Presentation Title

Design of a novel construct for live cell imaging of ezrin-actin association using Förster Resonance Energy Transfer (FRET)

Project Collaborators

Emily E Whitaker (Graduate Student Mentor), Markus Thali (Primary Faculty Mentor)

Abstract

HIV-1 can spread efficiently cell-to-cell via a junction known as a virological synapse (VS). A VS forms when Env (the viral fusogen) on the infected (producer) cell binds to CD4 on the uninfected (target) cell, allowing transfer of viral particles. Sometimes, a VS will result in cell-cell fusion to form one, multinucleated infected cell, (syncytium). Various proteins which localize at the synapse have been found to inhibit fusion, one of which is the protein ezrin.

Phosphorylated ezrin serves to link cytosolic proteins to the actin cytoskeleton and has been shown to accumulate at the producer side of the synapse (presynapse). Due to its known role as a cytoskeletal linker, and the implication of ezrin in fusion inhibition, we theorize that it associates with actin at the HIV-1 presynapse to regulate cytoskeletal tension and prevent fusion of the producer cell membrane with that of the target cell.

To further elucidate the spatial and temporal role of p-ezrin at the VS, we will create a cell line that stably expresses ezrin with an internal mTurquoise2 fluorophore. mTurquoise2 will act as a Förster Resonance Energy Transfer (FRET) donor for mRuby, which is fused to the actin-associated peptide, LifeAct. FRET requires close proximity of the donor and acceptor fluorophores, which we will use to discern when actin and ezrin are associating, and when they are separate. This will allow live analysis of ezrin-actin association during HIV-1 cell-to-cell transmission and cell-cell fusion, which will help uncover the mechanism by which p-ezrin regulates these events.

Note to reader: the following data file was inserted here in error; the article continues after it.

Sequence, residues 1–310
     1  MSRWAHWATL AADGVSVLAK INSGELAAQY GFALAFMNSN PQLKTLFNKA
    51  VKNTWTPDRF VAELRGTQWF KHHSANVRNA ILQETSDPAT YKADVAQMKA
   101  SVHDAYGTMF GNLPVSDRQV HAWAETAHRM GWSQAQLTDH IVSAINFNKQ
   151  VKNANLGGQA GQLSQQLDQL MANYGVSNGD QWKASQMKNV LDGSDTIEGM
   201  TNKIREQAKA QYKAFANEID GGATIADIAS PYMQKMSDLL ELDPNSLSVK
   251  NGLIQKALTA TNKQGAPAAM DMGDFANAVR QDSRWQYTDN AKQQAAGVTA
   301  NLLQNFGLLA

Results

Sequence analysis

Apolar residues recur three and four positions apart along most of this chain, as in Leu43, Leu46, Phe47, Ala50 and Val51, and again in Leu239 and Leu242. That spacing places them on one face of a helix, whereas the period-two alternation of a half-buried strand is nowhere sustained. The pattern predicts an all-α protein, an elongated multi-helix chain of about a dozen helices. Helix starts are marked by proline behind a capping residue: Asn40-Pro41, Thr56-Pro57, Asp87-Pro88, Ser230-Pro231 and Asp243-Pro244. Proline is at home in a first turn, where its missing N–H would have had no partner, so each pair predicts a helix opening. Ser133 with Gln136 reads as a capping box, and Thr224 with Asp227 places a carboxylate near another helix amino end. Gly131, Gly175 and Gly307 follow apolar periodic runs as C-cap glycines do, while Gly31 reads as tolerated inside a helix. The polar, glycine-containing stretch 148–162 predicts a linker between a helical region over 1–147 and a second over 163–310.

Primary Faculty Mentor Name

Markus Thali

Graduate Student Mentors

Emily E Whitaker

Status

Undergraduate

Student College

College of Agriculture and Life Sciences

Program/Major

Molecular Genetics

Primary Research Category

Biological Sciences

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Design of a novel construct for live cell imaging of ezrin-actin association using Förster Resonance Energy Transfer (FRET)

HIV-1 can spread efficiently cell-to-cell via a junction known as a virological synapse (VS). A VS forms when Env (the viral fusogen) on the infected (producer) cell binds to CD4 on the uninfected (target) cell, allowing transfer of viral particles. Sometimes, a VS will result in cell-cell fusion to form one, multinucleated infected cell, (syncytium). Various proteins which localize at the synapse have been found to inhibit fusion, one of which is the protein ezrin.

Phosphorylated ezrin serves to link cytosolic proteins to the actin cytoskeleton and has been shown to accumulate at the producer side of the synapse (presynapse). Due to its known role as a cytoskeletal linker, and the implication of ezrin in fusion inhibition, we theorize that it associates with actin at the HIV-1 presynapse to regulate cytoskeletal tension and prevent fusion of the producer cell membrane with that of the target cell.

To further elucidate the spatial and temporal role of p-ezrin at the VS, we will create a cell line that stably expresses ezrin with an internal mTurquoise2 fluorophore. mTurquoise2 will act as a Förster Resonance Energy Transfer (FRET) donor for mRuby, which is fused to the actin-associated peptide, LifeAct. FRET requires close proximity of the donor and acceptor fluorophores, which we will use to discern when actin and ezrin are associating, and when they are separate. This will allow live analysis of ezrin-actin association during HIV-1 cell-to-cell transmission and cell-cell fusion, which will help uncover the mechanism by which p-ezrin regulates these events.